After a ‘brilliant’ summer, Rosie Perrett is back at Liverpool vet school, starting her third year. The students are embarking on a year of clinical application.
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After an absolutely brilliant summer, I'm back at my desk writing about my first week of my third year of vet school or, if you count my time at Swansea for my first degree, my sixth year at university. I took full advantage of my time off this summer by going on two holidays once my placements were complete.
My first holiday was with my family. We went to Greece to celebrate mum's 60th birthday, while the second was to Italy with my boyfriend. If only I could still be relaxing by a pool with a glass of wine in my hand . . .
The time not spent on holiday was quickly taken up by two bundles of cuteness in the form of two new kittens. After we lost our cat, Gracey, at Easter, the house was particularly quiet so we decided to get two kittens from the rescue centre where I did my kennel placement over the summer. After Gracey, who was quite a big cat, these two little ones seemed so tiny, but they are growing rapidly. The kittens – a female, Poppy, and a male, Guinness – are full siblings. Unfortunately, their time in the rescue centre was a rough one, with both of them contracting cat flu and panleukopenia, but, thankfully, they have fully recovered and are now enjoying life to the full.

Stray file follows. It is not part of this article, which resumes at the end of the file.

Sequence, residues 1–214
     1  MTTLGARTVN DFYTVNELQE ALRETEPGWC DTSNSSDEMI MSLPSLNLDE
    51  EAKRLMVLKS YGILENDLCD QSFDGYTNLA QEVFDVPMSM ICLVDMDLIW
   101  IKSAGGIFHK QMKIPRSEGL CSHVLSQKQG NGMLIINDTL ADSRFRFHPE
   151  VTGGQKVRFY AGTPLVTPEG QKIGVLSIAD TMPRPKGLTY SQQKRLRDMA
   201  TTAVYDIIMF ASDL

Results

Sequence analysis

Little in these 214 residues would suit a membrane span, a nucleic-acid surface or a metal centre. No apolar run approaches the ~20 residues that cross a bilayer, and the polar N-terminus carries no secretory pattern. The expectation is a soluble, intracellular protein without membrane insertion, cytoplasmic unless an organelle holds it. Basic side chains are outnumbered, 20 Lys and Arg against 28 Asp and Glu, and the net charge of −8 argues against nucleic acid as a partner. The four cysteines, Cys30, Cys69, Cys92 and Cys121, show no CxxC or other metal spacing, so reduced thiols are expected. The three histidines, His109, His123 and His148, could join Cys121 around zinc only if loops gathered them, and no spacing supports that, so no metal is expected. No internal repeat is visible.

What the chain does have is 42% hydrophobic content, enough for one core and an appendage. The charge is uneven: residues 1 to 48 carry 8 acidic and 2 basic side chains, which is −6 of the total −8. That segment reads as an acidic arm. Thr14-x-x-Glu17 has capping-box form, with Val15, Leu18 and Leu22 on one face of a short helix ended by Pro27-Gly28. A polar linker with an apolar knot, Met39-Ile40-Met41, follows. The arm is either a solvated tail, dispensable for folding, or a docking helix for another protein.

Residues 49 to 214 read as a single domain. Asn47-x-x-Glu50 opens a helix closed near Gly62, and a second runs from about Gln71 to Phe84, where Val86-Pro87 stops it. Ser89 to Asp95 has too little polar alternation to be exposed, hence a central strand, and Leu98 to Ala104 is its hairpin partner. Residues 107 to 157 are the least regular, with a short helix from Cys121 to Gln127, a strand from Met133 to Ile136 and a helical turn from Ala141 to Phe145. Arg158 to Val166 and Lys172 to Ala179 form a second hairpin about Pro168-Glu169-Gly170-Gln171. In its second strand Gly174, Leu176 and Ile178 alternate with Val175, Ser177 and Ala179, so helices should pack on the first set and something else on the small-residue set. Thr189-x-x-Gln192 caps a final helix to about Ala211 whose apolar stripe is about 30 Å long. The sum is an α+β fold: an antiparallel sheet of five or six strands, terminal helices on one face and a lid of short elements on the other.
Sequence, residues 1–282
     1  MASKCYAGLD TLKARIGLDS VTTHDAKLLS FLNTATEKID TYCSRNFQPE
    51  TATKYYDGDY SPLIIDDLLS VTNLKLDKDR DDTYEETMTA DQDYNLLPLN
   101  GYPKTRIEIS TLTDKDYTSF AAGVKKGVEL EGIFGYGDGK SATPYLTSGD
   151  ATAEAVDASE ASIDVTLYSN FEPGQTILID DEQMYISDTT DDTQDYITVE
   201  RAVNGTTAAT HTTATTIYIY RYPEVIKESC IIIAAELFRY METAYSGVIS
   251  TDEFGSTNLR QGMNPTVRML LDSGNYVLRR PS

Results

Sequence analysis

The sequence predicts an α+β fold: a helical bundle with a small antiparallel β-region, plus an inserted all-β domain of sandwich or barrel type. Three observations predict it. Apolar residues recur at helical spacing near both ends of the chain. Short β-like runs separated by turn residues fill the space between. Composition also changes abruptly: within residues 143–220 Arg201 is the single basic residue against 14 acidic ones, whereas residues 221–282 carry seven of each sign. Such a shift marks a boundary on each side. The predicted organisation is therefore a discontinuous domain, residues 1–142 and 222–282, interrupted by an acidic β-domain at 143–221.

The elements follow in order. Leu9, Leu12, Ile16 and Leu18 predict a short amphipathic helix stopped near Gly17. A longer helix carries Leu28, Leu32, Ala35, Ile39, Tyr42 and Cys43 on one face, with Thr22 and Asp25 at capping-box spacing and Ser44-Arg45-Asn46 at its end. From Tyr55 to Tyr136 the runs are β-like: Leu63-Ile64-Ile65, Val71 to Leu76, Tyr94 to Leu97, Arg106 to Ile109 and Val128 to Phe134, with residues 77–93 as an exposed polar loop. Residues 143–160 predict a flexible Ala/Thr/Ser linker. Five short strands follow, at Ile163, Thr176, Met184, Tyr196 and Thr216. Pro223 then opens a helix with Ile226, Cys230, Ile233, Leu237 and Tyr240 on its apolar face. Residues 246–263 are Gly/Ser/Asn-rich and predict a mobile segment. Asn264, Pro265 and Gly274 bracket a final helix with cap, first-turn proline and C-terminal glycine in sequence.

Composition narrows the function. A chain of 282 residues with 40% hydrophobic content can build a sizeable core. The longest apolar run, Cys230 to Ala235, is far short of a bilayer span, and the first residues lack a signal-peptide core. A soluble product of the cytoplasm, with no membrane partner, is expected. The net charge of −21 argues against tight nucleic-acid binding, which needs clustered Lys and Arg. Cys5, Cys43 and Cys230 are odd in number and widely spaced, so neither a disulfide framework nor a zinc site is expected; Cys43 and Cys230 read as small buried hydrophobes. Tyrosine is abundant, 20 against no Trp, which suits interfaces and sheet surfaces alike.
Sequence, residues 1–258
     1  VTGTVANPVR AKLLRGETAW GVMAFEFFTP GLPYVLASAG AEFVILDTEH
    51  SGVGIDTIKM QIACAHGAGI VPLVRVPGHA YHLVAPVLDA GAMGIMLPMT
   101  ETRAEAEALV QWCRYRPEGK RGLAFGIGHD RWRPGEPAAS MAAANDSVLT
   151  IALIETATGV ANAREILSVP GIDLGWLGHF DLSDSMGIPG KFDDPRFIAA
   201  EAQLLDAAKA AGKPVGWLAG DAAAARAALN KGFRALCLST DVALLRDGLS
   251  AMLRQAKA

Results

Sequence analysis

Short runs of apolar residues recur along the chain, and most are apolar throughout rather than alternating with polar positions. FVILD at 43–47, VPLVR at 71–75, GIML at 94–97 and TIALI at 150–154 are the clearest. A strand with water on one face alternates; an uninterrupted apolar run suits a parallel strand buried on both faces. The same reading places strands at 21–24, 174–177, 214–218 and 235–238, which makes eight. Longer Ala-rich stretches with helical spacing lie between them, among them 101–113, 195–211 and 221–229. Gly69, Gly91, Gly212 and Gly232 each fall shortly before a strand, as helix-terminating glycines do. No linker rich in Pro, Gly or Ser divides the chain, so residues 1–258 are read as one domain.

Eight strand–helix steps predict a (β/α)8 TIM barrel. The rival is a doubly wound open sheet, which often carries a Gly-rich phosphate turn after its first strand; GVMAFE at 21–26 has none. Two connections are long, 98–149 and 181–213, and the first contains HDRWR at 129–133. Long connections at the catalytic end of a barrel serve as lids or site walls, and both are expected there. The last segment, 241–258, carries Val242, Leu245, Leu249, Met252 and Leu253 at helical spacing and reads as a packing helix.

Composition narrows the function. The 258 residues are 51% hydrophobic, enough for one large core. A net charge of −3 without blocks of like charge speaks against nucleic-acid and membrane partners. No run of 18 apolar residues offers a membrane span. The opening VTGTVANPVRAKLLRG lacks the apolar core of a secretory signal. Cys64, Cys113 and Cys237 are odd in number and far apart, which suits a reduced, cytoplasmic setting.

They have caused carnage at home, knocking vases and photo frames over, as well as working out where the food is stored, then stealing it and hiding it under the sofa for an extra snack. Despite all that they are completely and utterly adorable. So, as well as my vet degree progress, I'm sure their antics will feature in my future diary pieces.
I didn't get back to Liverpool until the weekend before lectures started, as I only arrived back from Italy the previous week. I always feel ready to return to university and get my brain working; however, I'll probably take that back within the next month, as we get into the nitty gritty.
We've been introduced to the new year, which will cover ‘clinical application’. This is where the idea of becoming a vet becomes a bit more real. Until now, the course has involved a lot of theory and fact learning, but now we're applying what we've learnt in a clinical setting. We are thinking like vets. We've also learnt that our exams have changed; one written paper has been removed and another paper will be split in two, ultimately increasing the amount of examination time we face. It's obviously for the better, but in my mind more time spent in exams doesn't seem appealing.
As well as different lectures we have different practical classes to contend with, which are also much more clinically based. One practical class that we had this week was on sampling techniques, where we learnt how to catheterise a dog, perform a joint tap and take a nasopharyngeal swab, among other things. We also had an imaging practical, where we learnt how to correctly interpret an ultrasound and a radiograph.
So, we're one week down with only 10 to go till Christmas, and, with lots of visits from friends and family planned, the time will probably go incredibly quickly.